Damage to the parietal lobe can result in a lack of awareness of surrounding space. Problems may also arise with processing and understanding tactile sensations, for example, what the brain thinks the fingers are touching.

The injured person may have difficulty naming objects. They may struggle to distinguish between their left and their right and suffer loss of hand and eye coordination. Also, their academic skills and cognitive ability may deteriorate.

Occipital lobe

The occipital lobe is found at the lower, back part of the brain. It is responsible for processing visual information from the eyes.

Similar to the way in which the temporal lobe processes sound from our ears, the occipital lobe makes sense of what our eyes are seeing.

If our occipital lobe was injured, we would not be able to correctly process visual signals. Therefore, people who have occipital lobe damage can experience vision defects such as loss of visual field, problems locating objects or identifying colours, distorted vision, hallucinations, slowed processing of visual information and difficulty reading and writing.


The cerebellum is located at the rear base of the brain, at the top of the spinal column. It is responsible for balance and coordination of voluntary movement. Such movements include everything from walking to writing.

People who have suffered damage to their cerebellum may struggle to keep their balance or control their posture.

An injured cerebellum can also cause problems in maintaining proper muscle coordination. Therefore, the individual could lose their ability to control fine movements or reach out and grab objects. People have also been known to suffer tremors, dizziness and slurred speech.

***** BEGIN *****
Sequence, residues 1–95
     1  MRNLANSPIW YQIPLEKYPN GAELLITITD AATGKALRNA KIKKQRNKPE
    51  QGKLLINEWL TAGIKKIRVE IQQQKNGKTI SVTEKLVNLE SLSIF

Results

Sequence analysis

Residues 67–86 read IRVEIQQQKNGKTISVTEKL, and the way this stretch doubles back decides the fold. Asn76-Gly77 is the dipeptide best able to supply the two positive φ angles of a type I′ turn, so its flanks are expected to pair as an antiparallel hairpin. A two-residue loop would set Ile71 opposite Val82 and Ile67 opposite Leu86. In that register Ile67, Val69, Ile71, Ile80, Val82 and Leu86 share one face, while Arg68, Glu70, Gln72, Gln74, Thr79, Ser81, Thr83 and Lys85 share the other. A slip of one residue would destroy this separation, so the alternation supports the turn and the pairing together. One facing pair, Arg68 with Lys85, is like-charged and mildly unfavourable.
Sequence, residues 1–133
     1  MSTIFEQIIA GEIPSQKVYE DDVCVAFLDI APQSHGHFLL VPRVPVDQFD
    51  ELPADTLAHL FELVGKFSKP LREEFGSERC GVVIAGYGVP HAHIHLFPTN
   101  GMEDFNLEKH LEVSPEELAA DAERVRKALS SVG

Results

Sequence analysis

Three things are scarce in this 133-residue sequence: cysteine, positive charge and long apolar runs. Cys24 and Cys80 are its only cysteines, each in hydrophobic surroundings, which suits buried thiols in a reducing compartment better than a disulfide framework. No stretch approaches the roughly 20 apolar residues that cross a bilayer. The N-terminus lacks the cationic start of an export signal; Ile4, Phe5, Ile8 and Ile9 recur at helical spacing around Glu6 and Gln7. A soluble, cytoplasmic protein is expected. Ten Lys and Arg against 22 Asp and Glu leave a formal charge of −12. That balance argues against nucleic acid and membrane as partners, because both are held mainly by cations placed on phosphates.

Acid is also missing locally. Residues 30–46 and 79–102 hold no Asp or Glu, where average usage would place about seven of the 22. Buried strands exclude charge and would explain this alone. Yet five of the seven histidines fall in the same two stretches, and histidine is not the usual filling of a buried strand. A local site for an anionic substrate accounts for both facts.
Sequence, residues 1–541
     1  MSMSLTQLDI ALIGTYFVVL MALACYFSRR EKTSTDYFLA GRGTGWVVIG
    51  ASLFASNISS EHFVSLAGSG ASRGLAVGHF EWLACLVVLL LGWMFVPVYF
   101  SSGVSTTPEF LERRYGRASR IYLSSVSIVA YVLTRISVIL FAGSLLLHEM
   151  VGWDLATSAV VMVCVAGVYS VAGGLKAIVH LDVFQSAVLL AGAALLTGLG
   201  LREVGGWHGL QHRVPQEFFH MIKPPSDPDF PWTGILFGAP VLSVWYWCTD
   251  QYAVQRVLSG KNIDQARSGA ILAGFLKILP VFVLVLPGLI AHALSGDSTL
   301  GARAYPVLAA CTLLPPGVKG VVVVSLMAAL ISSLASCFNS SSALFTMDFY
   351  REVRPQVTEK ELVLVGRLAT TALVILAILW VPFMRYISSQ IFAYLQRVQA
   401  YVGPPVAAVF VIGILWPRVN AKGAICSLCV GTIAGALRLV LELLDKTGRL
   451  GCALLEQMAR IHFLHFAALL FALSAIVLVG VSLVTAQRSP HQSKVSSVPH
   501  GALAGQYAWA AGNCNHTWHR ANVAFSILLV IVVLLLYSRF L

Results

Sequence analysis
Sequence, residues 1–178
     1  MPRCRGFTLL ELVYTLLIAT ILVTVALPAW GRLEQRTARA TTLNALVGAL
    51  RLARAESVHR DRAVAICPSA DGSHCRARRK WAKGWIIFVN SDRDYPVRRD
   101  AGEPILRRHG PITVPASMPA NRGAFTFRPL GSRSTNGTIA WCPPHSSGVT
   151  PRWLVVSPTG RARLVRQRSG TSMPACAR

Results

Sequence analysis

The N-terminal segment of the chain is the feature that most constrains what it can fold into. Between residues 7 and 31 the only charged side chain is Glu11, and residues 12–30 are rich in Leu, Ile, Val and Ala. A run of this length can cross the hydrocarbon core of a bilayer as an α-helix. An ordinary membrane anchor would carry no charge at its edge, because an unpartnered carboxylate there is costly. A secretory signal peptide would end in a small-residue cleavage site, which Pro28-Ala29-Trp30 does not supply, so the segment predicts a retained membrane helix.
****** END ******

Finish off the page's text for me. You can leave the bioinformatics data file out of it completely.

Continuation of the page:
Brain stem

Finally, the brain stem, is located deep inside the brain. It leads down to the spinal cord and manages a large number of our body’s functions, which allow us to survive as humans.

The brain stem controls our reflexes to what we see and hear. It also controls some of our body’s involuntary functions such as sweating, blood pressure, digestion and temperature. It is also responsible for our ability to sleep, our level of alertness and our sense of balance.

When the brain stem becomes injured our heart and breathing rates may be affected. Problems with balance and movement can also be experienced, as well as a feeling of dizziness and nausea. Individuals might also suffer with sleeping difficulties.

Final thoughts

The brain controls so many aspects of our emotional and physical lives. It helps with everything from processing and retaining information to regulating our body temperature. Its incredible functions should never be taken for granted, as damage to the brain can have catastrophic consequences.

There is still so much to learn about the way in which the brain works. However, science and medicine have come a long way in recent years. Only by understanding the complexities of brain injury and the effects it has, can we appropriately treat, support and compensate brain injury survivors.